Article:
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Jilin group sets goal of putting 60 satellites in orbit by 2020

By Ma Si in Beijing and Liu Mingtai in Changchun | China Daily | Updated: 2017-03-28 07:09

A private company in Jilin province-Chang Guang Satellite Technology Co-aims to launch 60 satellites into orbit by 2020. This is part of the province's push to renovate its manufacturing industry and transform itself into an aerospace technology hub.

The ambitious plan follows the northeastern province building the country's first domestically developed commercial Earth imaging satellite in 2015. The satellite was developed by Chang Guang, a commercial spinoff of the Chinese Academy of Sciences' Changchun Institute of Optics, Fine Mechanics and Physics.

In January 2017, a new commercial satellite developed by the company was launched to help monitor the province's sprawling forests, partly to prevent fires. This brought the number of satellites manufactured and launched by the company to five.

"We want to have 60 satellites operational by 2020, and 138 satellites in service by 2030, which will ultimately make it possible to offer a 10-minute revisit capability anywhere in the world," said Jia Hongguang, deputy general manager of Chang Guang.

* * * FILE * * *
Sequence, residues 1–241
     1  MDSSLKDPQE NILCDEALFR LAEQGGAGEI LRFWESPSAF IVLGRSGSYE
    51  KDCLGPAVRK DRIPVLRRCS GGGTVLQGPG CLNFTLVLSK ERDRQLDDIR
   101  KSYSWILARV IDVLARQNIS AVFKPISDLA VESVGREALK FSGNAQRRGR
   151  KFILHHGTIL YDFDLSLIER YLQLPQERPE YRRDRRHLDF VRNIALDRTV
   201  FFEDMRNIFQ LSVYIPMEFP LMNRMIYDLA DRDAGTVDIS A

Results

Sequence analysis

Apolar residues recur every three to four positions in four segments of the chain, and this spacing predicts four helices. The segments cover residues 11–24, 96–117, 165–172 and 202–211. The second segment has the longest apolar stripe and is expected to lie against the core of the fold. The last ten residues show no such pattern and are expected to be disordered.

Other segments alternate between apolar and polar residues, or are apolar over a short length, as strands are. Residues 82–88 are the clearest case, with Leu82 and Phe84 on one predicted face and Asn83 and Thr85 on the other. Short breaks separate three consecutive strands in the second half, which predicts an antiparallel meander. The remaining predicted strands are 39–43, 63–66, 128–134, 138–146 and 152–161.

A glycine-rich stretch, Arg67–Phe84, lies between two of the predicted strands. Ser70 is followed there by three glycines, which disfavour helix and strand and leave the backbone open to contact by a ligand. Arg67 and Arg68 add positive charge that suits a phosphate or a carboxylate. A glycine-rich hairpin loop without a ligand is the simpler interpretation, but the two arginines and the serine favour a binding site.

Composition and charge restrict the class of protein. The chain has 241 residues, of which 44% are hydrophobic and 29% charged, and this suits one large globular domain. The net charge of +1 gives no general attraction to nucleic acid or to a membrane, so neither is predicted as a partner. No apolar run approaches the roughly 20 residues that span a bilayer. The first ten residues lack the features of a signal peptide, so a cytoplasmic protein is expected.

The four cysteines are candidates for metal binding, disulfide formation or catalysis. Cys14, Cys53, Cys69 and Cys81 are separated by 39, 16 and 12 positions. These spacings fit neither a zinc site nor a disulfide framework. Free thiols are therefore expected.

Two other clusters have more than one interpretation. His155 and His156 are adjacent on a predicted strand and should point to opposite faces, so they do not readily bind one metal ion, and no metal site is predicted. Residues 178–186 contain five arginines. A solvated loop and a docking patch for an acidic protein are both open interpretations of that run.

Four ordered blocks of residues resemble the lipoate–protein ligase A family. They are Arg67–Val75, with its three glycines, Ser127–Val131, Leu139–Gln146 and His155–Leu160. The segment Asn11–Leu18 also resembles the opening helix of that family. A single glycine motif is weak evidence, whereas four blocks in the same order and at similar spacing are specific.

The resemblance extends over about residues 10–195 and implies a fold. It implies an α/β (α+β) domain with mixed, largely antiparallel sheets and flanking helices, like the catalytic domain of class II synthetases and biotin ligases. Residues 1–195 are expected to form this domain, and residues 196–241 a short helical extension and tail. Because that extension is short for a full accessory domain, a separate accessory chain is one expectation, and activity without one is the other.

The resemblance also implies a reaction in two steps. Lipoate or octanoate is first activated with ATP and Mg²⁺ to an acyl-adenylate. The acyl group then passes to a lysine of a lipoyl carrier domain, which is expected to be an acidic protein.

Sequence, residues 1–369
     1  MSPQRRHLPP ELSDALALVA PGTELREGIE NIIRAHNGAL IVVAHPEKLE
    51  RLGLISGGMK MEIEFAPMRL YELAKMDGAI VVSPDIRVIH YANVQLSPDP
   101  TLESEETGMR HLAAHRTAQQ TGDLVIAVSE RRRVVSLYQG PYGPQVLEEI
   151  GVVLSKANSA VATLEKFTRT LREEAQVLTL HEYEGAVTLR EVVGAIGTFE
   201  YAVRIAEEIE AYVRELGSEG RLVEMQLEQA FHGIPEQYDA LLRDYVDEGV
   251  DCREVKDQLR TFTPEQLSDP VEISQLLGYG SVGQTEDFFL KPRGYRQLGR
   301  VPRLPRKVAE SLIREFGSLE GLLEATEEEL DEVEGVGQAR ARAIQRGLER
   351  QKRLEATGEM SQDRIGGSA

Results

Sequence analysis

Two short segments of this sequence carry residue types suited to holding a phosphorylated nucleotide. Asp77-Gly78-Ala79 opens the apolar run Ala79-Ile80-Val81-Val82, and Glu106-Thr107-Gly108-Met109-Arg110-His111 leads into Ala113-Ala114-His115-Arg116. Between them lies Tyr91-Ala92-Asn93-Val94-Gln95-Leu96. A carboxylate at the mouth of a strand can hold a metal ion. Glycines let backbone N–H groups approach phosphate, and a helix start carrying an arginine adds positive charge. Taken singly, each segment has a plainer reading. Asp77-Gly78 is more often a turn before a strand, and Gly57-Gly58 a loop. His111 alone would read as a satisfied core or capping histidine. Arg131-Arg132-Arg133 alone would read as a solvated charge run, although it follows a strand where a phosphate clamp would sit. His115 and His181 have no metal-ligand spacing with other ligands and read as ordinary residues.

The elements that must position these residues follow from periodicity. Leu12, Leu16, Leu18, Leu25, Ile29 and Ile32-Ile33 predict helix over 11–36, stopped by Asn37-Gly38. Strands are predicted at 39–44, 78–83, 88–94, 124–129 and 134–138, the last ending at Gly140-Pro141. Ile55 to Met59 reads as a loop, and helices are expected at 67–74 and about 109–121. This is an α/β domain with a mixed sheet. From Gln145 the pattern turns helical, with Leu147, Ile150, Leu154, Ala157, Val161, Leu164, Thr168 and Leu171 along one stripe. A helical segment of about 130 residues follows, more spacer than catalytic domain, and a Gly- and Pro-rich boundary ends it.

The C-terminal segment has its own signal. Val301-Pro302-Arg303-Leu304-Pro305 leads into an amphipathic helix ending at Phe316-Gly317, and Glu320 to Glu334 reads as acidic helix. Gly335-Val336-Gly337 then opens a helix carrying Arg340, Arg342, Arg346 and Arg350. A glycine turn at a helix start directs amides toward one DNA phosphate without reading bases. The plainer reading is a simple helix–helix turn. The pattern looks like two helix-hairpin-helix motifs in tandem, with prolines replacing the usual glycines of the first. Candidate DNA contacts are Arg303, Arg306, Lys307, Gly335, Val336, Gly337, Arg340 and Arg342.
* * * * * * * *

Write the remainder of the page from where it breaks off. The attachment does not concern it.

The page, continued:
According to the company, its technology prowess, once backed by private capital, can accelerate the civilian application of aerospace technology.

Currently, the Jilin-based company counts government agencies and the military as their core customers. But tapping into the consumer mass market will be the key to cultivating a booming commercial aerospace industry, said Wang Dong, assistant to the general manager at Chang Guang.

"We not only sell satellites, drones and their parts and systems, but also offer a whole set of solutions, which will give us an edge in appealing to the public," Wang said. He declined to disclose the cost and profit involved in making a satellite.

Miao Qianjun, secretary-general of the Global Navigation Satellite System and Location-based Services Association of China, said that small and medium-sized satellites are enough to support civilian applications. This is unlike the United States' GPS navigation system and China's BeiDou satellite system, which demand big satellites, he said.

"Small satellites cost far less and can be of more practical use for a limited area. They have big commercial potential," Miao said.

Last year, the Jilin provincial government, Changchun municipal government and Chang Guang set aside 500 million yuan ($72.8 million) to set up an investment fund to cultivate young engineers and developers who are passionate about the aerospace industry.

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